A year later, SB 1070 looks like a big, expensive con. It brought us boycotts, lost business, a sullied reputation, another court battle and a betrayal of Arizona's heritage.
Oh, yes. And it did nothing to make the border safer or reduce illegal immigration.
The national spotlight made Arizona look like a place where extremism is the norm. International media lapped up each outrageous statement from SB 1070 supporters. Comedians ripped a hole in the state's dignity bigger than the Grand Canyon.
Yet SB 1070 initially got good poll numbers. It was popular for two reasons. 1) The leaders who sold it to the state were that convincing. 2) People were frustrated with federal inaction. Some saw SB 1070 as a wake-up call to Washington. A year later, Congress is still sleeping.
Recent discussions from the White House about comprehensive immigration reform were the result of President Barack Obama's need to woo Latino voters before the 2012 election. Not SB 1070.
The measure widely described as Arizona's "Papers, please" law, provided a distraction from discussions about real reform. It gave cover to politicians who prefer to dodge the criticism that comes with standing up for complete solutions.
When GOP Rep. Jeff Flake decided to run for Senate, this long-time supporter of comprehensive immigration reform had a sudden conversion.
He jumped on the enforcement-first wagon.
Was that just because of SB 1070? Of course not. Arizona Sens. Jon Kyl and John McCain long ago abandoned their support for a complete solution. But SB 1070's popularity gave them no reason to reconsider.
The law helped drive the debate further to the extreme edge, giving Flake no political advantage sticking to his previous position. It eroded what was left of the middle ground.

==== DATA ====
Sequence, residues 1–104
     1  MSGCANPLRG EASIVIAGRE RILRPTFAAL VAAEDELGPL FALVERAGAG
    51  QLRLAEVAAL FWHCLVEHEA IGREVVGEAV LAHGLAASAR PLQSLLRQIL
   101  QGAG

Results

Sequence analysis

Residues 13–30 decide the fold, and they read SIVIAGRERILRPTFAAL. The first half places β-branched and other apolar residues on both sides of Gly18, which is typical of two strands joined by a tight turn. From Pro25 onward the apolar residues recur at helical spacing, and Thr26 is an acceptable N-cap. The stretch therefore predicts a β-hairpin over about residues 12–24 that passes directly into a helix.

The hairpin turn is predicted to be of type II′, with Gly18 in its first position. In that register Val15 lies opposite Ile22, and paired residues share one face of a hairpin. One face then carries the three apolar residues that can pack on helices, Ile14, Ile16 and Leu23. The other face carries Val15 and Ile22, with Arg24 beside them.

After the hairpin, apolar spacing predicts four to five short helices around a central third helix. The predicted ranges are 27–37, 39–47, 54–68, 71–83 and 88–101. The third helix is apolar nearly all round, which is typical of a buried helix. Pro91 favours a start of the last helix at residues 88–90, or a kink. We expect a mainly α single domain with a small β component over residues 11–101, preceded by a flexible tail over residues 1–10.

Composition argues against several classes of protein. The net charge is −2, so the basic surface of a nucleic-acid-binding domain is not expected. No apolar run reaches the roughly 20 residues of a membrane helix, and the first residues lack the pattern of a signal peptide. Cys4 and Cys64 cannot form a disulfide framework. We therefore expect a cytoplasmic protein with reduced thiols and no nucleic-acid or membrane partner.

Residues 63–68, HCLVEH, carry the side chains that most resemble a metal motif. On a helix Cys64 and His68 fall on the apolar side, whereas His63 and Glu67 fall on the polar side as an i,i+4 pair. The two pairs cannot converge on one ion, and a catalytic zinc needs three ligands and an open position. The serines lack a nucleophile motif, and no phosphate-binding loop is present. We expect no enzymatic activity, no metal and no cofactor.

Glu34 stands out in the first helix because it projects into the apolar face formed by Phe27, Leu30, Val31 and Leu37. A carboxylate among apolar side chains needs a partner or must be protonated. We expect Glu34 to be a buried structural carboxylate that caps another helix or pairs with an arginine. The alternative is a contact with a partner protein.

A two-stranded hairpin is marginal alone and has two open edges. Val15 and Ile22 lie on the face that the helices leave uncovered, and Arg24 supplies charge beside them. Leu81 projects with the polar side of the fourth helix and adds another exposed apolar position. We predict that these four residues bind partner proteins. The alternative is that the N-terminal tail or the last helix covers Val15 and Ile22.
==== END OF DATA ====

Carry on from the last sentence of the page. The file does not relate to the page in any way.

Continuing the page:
Illegal immigration is a national problem this state law could not begin to address. SB 1070 was so clearly an intrusion into federal jurisdiction that key provisions were halted by federal District Court Judge Susan Bolton before they took effect. The 9th Circuit Court of Appeals upheld that injunction, with noted conservative Judge John Noonan agreeing that provisions of SB 1070 are unconstitutional.
More legal battles lie ahead. They will sap state resources and keep Arizona in an unflattering spotlight.
Arizona's sense of unity also took a beating because of SB 1070.
Latinos make up nearly a third of the state's population. They are part of Arizona's heritage and its future. But SB 1070 made even third-generation Arizona Latinos feel like targets for enhanced law-enforcement scrutiny.
The law created an atmosphere so ugly that Republican state Sen. Lori Klein felt justified in reading a letter full of anti-Latino slurs on the floor of the Senate.
This is where SB 1070 brought us.
Sixty executives from major state business interests successfully called on lawmakers to reject a new round of immigration bills this year.
This is where the horrible experience of SB 1070 should take us. Arizonans have to continue to speak out against the SB 1070 approach.
Lessons are being learned elsewhere.
The wave of copycat bills in other states has largely fizzled - even in Kansas, where SB 1070 architect Kris Kobach is secretary of state. He couldn't sell his state this poison.
Meanwhile, Utah took a look at what Arizona did and crafted a comprehensive approach that includes a state guest-worker program. It acknowledges the complexity of illegal immigration and makes a humane commitment to family values and children. Arizona considered - and rejected - a similar approach several years ago.
Instead, the state bought into a false promise that remains a colossal mistake a year later.